In 2004, critics alleged racism when Portland police shot and killed James Jahar Perez after he resisted officers' attempts to remove him from a car for not having a driver's license. Police testified that they saw Perez pull a clenched fist from his pocket and thought he was drawing a gun. A public inquest cleared police of criminal wrongdoing, but a civil lawsuit against police is proceeding in federal court.

In 2006, the fatal shooting of Lukus Glenn, an 18-year-old former Tigard High football star, by Washington County deputies raised more questions. Although an investigation upheld the shooting, Glenn's family has unsuccessfully pressed for an inquest and has threatened to file a lawsuit.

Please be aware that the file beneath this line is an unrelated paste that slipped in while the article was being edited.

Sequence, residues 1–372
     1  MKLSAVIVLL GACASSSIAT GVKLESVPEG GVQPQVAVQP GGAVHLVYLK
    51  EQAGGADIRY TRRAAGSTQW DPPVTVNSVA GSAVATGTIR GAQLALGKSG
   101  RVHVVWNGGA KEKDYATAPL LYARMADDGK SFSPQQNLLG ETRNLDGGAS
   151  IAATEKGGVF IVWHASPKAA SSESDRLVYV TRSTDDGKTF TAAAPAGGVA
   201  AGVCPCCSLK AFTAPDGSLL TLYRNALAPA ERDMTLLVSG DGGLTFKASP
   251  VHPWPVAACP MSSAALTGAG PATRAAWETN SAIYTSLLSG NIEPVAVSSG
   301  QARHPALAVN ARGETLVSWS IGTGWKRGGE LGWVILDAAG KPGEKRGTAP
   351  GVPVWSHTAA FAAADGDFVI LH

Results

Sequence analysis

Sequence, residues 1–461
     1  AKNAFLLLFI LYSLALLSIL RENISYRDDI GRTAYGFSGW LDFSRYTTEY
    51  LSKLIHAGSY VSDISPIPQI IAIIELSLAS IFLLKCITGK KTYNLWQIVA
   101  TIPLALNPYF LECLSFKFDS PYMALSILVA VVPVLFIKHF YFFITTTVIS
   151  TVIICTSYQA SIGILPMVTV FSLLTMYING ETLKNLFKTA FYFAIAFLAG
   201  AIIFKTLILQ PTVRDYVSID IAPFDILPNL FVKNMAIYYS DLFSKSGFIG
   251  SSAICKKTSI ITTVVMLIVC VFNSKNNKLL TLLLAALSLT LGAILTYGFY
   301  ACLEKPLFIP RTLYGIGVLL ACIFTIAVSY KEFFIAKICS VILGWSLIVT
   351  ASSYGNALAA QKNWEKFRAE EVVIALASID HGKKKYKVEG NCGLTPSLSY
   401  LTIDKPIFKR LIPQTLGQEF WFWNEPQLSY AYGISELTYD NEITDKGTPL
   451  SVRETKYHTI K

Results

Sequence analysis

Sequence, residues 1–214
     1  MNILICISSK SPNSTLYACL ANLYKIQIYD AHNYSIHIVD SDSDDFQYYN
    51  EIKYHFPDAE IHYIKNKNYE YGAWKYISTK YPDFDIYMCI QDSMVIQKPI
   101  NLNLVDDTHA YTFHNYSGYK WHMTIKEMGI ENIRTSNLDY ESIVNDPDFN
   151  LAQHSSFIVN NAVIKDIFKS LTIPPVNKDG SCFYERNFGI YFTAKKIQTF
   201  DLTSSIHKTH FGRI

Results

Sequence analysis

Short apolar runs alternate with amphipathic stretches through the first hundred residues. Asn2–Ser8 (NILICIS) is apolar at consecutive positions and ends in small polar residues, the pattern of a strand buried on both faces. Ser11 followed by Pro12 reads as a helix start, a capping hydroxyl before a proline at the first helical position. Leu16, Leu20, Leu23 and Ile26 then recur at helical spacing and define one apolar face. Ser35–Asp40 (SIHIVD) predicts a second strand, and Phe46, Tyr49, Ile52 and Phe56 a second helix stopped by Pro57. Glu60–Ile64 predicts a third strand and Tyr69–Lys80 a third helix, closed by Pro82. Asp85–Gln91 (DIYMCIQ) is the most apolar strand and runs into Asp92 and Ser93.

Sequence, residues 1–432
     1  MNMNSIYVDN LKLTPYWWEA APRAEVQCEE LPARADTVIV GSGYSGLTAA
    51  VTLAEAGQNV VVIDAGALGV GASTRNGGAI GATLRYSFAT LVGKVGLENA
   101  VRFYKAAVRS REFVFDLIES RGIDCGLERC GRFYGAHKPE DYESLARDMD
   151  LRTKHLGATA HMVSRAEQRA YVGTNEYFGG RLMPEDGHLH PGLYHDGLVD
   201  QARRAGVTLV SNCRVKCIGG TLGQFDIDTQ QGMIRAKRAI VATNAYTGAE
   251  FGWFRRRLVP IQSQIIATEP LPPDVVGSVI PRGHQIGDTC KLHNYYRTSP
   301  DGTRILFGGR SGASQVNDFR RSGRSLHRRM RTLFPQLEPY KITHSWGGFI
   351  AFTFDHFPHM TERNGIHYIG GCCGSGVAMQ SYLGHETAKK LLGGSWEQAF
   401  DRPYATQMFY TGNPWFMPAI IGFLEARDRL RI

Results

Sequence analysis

Meanwhile, the attorney general's office launched a study of how deadly-force cases are handled, then wrote the bill that was filed in the 2007 Legislature. Testifying before the Oregon Senate, Myers said more uniformity in post-shooting investigations would help allay fears by the public and ensure fairness to the police and victims.

Washington County's proposed plan calls for:

Requiring training for police in the use of deadly force, including annual seminars.

Providing mental health counseling and support for police involved in shootings.

Requiring at least one police officer from a different agency to investigate the shooting.

Notifying the district attorney's office, which will have discretion over how to proceed.

Requiring investigators to debrief officers and then determine whether police followed the deadly-force policies or whether the policies themselves should be amended.